The Language of Love

A number of years ago, a book about "love languages" became widely popular.  The book explained how people give love, as well as feel loved, differently.  Some folks express love to others with acts of service while some of us employ words of affirmation, gifts, spending quality time together, or meaningful touch to convey love.  Great read - I recommend you check it out.

As good as the book is, however,  it leaves out the primary love language of my family.  In my family of origin, my husband's family, and our own little brood, we speak "LOVE" with "F-O-O-D".  No doubt about it. You might prefer flowers or perfume but we give and receive love with something good to eat.   Often you hear mention of "comfort food"but this is way bigger than that!  I am talking about the ability to channel affection, affirmation, appreciation, ardor, or adulation with chocolate cookies!

Maybe it's a Southern thing but my family speaks "LOVE" with food. When a friend has a new baby, we take food. ( For the Mom and Dad - we figure they can feed the baby.)  When someone has a tough week, I bake my chocolate chip pie. If you move in to my neighborhood, you might get chicken and dumplings or a big pot of homemade chili. In December, a small group of cherished friends get my Chambers Christmas Jam and yeast rolls.  Birthdays at my house call for the celebrant's favs which might be oatmeal scones, cheese grits or homemade Cheerio bars for breakfast.  Reuben sandwiches (or Barberitos!) for lunch.  And dinner of steak or shrimp or corn spoon bread.  Candles have been stuck in ice cream sandwich cakes, coconut sheet cakes, or chocolate chip cookies. Even the crews that have been doing some work on my house lately have been treated to cinnamon rolls, caramel popcorn, and lots of cookies.   Whatever tastes like love.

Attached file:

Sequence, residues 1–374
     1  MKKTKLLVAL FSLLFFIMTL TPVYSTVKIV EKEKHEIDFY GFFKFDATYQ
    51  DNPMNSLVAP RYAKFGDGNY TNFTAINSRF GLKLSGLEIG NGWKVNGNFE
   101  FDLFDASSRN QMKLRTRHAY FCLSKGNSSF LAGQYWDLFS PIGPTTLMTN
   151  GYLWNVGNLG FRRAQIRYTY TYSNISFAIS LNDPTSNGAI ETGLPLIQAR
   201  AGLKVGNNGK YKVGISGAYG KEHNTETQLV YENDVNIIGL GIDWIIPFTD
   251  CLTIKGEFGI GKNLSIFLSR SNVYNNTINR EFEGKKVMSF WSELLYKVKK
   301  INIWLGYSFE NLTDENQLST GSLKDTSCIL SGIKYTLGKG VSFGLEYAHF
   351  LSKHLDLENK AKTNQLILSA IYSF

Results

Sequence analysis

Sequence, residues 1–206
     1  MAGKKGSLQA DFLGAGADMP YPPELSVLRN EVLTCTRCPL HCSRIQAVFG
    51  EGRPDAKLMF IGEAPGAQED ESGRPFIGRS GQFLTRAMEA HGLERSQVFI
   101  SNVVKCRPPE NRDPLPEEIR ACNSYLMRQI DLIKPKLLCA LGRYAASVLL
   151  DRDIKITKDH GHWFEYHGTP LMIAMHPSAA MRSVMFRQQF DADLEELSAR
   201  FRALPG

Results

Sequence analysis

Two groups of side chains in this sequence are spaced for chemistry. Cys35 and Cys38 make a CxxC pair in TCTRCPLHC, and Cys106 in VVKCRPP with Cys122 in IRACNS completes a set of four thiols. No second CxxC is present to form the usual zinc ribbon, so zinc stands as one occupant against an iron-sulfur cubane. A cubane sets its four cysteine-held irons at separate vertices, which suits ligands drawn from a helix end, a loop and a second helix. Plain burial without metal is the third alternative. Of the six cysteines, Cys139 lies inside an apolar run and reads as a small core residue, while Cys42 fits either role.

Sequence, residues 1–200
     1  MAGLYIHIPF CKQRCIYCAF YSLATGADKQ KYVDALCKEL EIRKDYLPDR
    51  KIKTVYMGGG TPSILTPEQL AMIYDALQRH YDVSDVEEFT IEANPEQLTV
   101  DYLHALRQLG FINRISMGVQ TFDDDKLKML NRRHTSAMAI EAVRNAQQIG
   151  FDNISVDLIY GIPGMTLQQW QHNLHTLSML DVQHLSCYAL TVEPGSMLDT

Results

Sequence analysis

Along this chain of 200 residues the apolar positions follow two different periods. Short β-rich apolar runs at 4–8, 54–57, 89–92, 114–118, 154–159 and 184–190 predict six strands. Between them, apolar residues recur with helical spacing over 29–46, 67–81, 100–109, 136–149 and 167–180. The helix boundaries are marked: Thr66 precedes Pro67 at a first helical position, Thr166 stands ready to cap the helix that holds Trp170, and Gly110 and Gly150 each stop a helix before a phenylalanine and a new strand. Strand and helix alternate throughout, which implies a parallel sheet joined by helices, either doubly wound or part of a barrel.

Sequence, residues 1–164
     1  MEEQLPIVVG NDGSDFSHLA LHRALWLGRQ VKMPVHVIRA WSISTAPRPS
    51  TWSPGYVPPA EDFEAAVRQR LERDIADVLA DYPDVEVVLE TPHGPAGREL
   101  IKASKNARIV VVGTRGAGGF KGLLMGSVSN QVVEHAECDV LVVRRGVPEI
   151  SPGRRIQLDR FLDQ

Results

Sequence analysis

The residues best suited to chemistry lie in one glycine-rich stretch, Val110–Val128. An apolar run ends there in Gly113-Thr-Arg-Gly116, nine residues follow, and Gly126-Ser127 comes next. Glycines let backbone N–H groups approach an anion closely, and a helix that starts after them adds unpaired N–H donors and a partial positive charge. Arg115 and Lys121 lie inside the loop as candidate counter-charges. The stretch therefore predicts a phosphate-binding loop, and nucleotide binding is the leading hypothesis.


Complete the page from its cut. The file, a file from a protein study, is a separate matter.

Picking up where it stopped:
Now I not only dispense love via food, I receive it, too.  When I go home (as in "where Mama and Daddy live"), my Mama makes fried chicken and creamed corn and sausage balls and fudge.  And "The Mix" - which is her own secret dish for her grandchildren.  When she comes to vist, she brings goodies that are specific to each person's individual palette.  Sure feels like love when she remembers that Mary likes ramen noodles, Chip wants sausage balls, Betsy craves PopTarts (cuz her own Mom won't buy them!) and Katie loves chocolate chip cookies dough. 

This language of love is such an integral part of my emotional DNA that I married a man whose family speaks (or tastes!) the same way.  My dear Mother-in-Love makes oatmeal-peanut butter-chocolate cookies that I know will be served in Heaven.  In fact, my term for them is "righteousness" - the more you eat, the more you want!  And for my husband's birthday or when we gather at her house for holidays or just when she wants to love on us, we are treated to a great big batch of these goodies.  (I have been known to hide them from the rest of my family but that is probably an issue for another blog.  Or a counseling session.)

I don't see it as an expanding waistline - I just feel loved.  When a friend showed up with chicken tetrazzini the day I had some above average demands on me, I felt loved.  When my BFF brought dinner the day we brought my grandson home from the hospital, I felt loved. When some amazing and precious friends offered to make food for Katie's wedding reception, you can bet I felt loved.  One of 'em even DESIGNED the Groom's cake to reflect the drug-dealin' Bride and Groom!!!!  When my dear friend (and pastor's wife!) delivers a loaf of homemade bread to me, I feel loved.  When my 10 year old makes her chocolate sheet cake, we ALL feel loved! 

I want to hear from you all.  What makes YOU feel loved?  (And if it's food, feel free to share a recipe or two!)


Originally appeared on October 3, 2012